Spotted Seal
(Phoca largha)

IUCN STATUS (2010) - DATA DEFICIENT

Distribution and Numbers
Also known as the Larga seal, the spotted seal inhabits the ice and waters of the north Pacific Ocean and adjacent seas, being found along the continental shelf of the Beaufort, Chukchi, Bering and Okhotsk Seas and south to the northern Huanghai Sea and western Sea of Japan. There is no up-to-date reliable census information on the total population of spotted seals. An estimate, now thought to be excessive, of 335,000 - 450,000 was made in the 1970s, of which 200,000 - 250,000 were reckoned to inhabit the Bering Sea. A Russian survey in 1986 and 1987 produced an estimate of 50,000 seals in the Okhotsk Sea.

Phoca largha - Image 1

Photo: Lloyd Lowry / Kathy Frost,
Alaska Department of Fish and Game
Status
The lack of accurate population data means that the effects of natural events and human-caused activities on the species are difficult to determine. There is concern however about the effects that climate change in the Arctic may have on the species. Spotted seals spend much of their time and bear their pups on the ice front, at the southern edge of the sea ice. In the case of global warming, this may cause a retreat of the ice edge and front, thus changing seal distribution relative to the distribution of prey, particularly if the seals are forced to move north and the good feeding areas stay where they are.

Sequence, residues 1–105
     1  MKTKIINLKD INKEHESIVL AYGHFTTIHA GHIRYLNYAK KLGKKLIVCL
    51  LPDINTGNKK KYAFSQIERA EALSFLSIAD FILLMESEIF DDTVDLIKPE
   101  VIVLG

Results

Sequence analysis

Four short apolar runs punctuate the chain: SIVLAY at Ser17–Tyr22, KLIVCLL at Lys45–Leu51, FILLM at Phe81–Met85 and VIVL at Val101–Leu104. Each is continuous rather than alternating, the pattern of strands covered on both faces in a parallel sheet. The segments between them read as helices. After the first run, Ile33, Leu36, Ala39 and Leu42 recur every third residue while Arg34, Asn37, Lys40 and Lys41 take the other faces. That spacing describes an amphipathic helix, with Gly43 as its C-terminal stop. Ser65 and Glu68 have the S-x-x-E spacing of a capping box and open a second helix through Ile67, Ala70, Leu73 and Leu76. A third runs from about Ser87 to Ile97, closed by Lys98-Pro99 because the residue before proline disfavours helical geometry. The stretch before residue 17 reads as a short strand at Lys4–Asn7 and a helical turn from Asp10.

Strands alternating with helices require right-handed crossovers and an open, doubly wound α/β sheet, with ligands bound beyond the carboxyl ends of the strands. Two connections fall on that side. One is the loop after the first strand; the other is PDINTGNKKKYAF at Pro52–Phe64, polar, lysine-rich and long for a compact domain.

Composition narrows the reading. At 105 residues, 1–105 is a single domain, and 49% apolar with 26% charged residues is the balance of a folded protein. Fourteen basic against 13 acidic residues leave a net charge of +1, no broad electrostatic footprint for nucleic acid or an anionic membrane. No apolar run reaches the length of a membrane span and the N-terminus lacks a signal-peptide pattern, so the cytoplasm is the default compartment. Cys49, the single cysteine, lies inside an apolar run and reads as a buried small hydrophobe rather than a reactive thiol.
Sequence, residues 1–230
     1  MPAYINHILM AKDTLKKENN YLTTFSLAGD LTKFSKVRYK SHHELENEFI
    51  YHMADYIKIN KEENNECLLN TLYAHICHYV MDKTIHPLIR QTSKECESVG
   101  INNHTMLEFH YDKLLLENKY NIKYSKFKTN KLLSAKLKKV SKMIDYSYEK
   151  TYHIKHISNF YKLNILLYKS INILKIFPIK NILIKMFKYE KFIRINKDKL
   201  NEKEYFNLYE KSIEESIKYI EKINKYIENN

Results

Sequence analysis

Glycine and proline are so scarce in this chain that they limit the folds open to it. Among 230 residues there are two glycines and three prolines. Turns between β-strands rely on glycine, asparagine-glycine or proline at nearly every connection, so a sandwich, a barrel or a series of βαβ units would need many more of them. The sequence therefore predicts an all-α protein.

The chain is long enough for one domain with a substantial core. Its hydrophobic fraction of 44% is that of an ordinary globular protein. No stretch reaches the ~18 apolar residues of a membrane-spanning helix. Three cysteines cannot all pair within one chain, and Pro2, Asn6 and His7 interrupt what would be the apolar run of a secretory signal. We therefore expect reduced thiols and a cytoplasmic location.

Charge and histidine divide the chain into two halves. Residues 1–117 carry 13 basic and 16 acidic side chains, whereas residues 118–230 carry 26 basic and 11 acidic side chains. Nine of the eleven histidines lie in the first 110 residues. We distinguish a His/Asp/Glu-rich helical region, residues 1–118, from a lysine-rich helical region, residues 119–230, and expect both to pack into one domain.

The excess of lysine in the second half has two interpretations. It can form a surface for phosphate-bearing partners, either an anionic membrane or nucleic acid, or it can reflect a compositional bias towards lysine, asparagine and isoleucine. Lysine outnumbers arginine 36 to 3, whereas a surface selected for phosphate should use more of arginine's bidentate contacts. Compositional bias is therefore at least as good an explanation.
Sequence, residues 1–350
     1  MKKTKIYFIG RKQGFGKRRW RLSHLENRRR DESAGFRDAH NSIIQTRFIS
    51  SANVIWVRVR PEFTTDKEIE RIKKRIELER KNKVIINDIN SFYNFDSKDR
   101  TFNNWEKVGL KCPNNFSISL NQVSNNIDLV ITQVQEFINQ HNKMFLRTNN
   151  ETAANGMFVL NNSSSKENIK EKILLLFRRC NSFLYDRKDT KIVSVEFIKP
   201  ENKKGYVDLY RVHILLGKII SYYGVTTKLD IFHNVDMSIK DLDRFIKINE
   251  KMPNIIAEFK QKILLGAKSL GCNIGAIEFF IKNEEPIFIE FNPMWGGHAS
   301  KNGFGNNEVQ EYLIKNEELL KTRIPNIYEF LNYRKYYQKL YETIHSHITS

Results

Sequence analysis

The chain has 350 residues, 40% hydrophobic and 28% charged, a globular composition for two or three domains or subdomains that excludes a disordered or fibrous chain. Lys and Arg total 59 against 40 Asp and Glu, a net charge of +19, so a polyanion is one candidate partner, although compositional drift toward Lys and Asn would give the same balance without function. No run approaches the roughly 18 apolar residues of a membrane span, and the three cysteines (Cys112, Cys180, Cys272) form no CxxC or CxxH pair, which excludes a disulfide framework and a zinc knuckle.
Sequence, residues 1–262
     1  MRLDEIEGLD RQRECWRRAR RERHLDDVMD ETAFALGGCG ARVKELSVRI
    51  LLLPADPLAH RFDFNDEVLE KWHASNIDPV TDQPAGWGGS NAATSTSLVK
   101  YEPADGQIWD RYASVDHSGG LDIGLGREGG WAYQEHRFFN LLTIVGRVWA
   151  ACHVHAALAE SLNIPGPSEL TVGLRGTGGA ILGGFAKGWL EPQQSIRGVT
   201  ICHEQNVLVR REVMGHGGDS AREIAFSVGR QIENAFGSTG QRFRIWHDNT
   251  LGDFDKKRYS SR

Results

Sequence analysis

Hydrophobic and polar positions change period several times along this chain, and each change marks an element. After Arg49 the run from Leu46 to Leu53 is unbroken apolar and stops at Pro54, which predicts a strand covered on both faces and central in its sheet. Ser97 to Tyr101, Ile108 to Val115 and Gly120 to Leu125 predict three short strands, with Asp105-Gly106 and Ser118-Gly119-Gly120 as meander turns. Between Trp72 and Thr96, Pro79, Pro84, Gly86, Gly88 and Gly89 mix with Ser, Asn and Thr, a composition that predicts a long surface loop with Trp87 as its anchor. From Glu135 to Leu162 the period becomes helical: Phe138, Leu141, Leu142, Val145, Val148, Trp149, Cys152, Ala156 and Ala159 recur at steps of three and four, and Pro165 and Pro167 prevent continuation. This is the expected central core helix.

There is also some concern that oil and gas exploration and extraction in many parts of the species' range, particularly in the Chukchi and Beaufort Seas, may cause disturbance to spotted seals as well as possible pollution of the seals, their habitat and food supply. It has recently been reported that the waters off the Russian Sakhalin Island in the Okhotsk Sea, an important breeding site for the spotted seal, are about to be opened up to massive oil and gas development, and that tanker traffic and the extreme weather conditions in the area may lead to a major spill there. Potential pollution and disturbance from vessel traffic on the proposed Northern Sea Route is also a cause for concern.
Commercial fishing of spotted seal prey in the Bering Sea, particularly pollock and herring, may be causing problems by reducing food availability, a problem that may already be affecting Steller sea lions, harbour seals and Northern fur seals in the region. There is a limited bycatch of spotted seals by fisheries operations, and some fishermen are also known to shoot seals which try to raid fishing nets. Russian hunters kill spotted seals to be used as food on fox fur farms and for subsistence purposes, one estimate of the annual kill being around 2,500 with a maximum quota of 15,000. In the mid-1990s Alaskan native subsistence hunters were known to be killing about 2,000 spotted seals each year, mostly in the Bering Strait and Yukon-Kuskokwim regions.
Phoca largha - Image 2

Photo: Lew Consiglieri,
National Marine Mammal Laboratory